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Peer to Peer connections are coming to Google Hangouts

Call quality and speed issues often make it difficult for users to fully embrace video and audio calling over the internet. To help solve this, Google has updated its video and audio communications service Hangouts by allowing peer to peer (p2p) connections for some users.

By incorporating this functionality into the back-end of its service the company expects call quality and the overall experience of its users to improve.

This new feature began rolling out to Hangouts users this week and was first spotted by a user using the service's Android app. Google will not be using p2p connections for all of the calls it handles through the service and will only be using this feature for some calls. Android is not the only platform that will be receiving this update. It will be coming to Hangouts for iOS, Windows 10 and the web.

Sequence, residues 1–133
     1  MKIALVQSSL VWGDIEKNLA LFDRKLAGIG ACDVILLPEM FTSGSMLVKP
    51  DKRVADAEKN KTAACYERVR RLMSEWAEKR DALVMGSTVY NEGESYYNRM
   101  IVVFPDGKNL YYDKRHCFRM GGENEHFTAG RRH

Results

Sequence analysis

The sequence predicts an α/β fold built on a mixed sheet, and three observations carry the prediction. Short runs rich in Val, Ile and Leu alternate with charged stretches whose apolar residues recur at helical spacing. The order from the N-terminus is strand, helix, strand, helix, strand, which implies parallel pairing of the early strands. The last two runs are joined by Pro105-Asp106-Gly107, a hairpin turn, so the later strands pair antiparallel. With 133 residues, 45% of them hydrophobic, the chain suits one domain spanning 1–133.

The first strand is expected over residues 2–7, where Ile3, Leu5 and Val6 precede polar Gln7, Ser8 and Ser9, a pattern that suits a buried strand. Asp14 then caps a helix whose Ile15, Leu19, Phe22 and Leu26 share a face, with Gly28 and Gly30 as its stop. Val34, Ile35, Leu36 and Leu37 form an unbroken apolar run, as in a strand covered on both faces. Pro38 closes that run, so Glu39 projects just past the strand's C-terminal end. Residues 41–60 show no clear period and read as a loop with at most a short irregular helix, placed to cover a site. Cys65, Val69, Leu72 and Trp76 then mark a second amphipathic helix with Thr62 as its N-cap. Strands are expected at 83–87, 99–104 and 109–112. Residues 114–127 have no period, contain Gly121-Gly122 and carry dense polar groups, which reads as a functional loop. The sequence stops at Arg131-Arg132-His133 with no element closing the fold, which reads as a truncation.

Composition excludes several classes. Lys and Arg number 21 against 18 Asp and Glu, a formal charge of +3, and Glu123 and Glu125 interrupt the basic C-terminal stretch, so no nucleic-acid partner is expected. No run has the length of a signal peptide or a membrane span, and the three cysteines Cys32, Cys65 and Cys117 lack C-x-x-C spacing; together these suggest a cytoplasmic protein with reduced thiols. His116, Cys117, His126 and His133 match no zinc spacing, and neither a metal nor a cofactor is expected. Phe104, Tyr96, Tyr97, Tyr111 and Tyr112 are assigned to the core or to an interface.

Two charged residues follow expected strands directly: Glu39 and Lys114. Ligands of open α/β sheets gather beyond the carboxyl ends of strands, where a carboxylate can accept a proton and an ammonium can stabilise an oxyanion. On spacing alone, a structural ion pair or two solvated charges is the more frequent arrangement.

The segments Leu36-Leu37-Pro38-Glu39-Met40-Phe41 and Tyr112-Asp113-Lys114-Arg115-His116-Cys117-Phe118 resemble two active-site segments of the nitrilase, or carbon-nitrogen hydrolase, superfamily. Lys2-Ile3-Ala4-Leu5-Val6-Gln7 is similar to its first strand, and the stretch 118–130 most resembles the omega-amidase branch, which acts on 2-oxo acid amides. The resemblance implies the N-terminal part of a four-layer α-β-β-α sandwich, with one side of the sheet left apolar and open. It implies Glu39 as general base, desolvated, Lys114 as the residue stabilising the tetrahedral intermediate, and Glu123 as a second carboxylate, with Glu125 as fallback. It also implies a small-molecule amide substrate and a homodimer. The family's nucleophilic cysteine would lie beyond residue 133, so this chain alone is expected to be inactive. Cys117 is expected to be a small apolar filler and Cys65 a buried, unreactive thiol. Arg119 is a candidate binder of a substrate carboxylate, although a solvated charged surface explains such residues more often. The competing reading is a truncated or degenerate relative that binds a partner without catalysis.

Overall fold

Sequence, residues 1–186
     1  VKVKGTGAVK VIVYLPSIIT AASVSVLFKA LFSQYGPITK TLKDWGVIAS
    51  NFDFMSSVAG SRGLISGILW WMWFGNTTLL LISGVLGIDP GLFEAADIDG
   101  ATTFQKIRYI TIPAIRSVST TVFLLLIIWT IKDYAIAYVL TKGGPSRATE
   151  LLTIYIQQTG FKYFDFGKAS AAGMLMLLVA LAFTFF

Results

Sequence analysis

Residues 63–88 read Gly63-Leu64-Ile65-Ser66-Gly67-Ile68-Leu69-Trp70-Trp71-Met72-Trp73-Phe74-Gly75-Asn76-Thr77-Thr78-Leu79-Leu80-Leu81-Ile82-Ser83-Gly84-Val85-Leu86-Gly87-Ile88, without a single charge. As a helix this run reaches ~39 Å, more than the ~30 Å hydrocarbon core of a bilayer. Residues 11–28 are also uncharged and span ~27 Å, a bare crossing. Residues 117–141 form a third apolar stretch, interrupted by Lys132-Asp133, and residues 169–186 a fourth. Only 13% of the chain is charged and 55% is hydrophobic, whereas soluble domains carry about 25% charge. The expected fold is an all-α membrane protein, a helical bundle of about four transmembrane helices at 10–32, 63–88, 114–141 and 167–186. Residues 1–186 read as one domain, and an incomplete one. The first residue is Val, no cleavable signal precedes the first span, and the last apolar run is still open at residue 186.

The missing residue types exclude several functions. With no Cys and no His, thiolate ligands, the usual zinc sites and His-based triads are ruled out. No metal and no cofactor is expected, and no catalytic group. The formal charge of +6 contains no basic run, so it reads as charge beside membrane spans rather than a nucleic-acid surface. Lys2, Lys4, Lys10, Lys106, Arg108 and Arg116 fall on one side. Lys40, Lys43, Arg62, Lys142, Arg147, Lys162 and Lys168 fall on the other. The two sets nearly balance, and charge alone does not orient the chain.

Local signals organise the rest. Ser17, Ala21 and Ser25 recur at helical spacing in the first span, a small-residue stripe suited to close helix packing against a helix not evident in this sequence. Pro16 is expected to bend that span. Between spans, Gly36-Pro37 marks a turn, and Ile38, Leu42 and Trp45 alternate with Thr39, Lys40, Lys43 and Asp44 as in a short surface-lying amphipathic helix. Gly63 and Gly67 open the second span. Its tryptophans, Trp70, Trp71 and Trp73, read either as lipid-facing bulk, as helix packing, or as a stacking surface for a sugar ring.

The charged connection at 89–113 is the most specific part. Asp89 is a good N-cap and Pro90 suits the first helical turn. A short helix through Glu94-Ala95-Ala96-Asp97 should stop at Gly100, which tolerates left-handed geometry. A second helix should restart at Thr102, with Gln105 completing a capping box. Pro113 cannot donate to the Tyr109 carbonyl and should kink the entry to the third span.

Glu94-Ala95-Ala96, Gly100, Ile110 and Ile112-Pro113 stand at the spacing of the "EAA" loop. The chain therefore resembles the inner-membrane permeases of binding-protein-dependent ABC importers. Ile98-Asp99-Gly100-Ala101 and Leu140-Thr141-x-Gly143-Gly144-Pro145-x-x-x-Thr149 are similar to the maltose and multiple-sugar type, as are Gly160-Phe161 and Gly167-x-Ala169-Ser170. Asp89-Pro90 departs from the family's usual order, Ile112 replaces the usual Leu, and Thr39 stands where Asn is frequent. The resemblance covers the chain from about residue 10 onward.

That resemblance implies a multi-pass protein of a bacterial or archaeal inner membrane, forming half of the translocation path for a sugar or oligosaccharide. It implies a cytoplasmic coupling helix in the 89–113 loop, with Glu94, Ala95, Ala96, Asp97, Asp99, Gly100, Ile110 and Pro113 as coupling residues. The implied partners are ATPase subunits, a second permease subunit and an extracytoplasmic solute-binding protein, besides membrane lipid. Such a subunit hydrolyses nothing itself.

A support document for Hangouts detailed the service's new p2p connections by describing them as a new way which will allow the service a better and more efficient way of routing calls directly from user to user by bypassing Google's own servers. By eliminating the middle man, the speed at which calls are connected should increase as well as the quality of the calls.

The user experience of Google Hangouts will be improved with this new update but some security concerns might arise from the use of p2p connections. Skype has been using p2p connections for years to increase call quality but the service shows the IP addresses of its users. This made its users vulnerable to potential attacks since it was quite easy to obtain someone's IP address by just knowing their Skype name. Thankfully last month, Skype decided to hide its users IP addresses by default to make these kinds of attacks more difficult.

Google is most likely aware of the issues Skype has faced and has probably taken steps to prevent such attacks from happening to its users. The increased speed and call quality may increase the popularity and user base of Google Hangouts.

Image Credit: Shutterstock / Yeamake

Anthony Spadafora
After living and working in South Korea for seven years, Anthony now resides in Houston, Texas where he writes about a variety of technology topics for ITProPortal.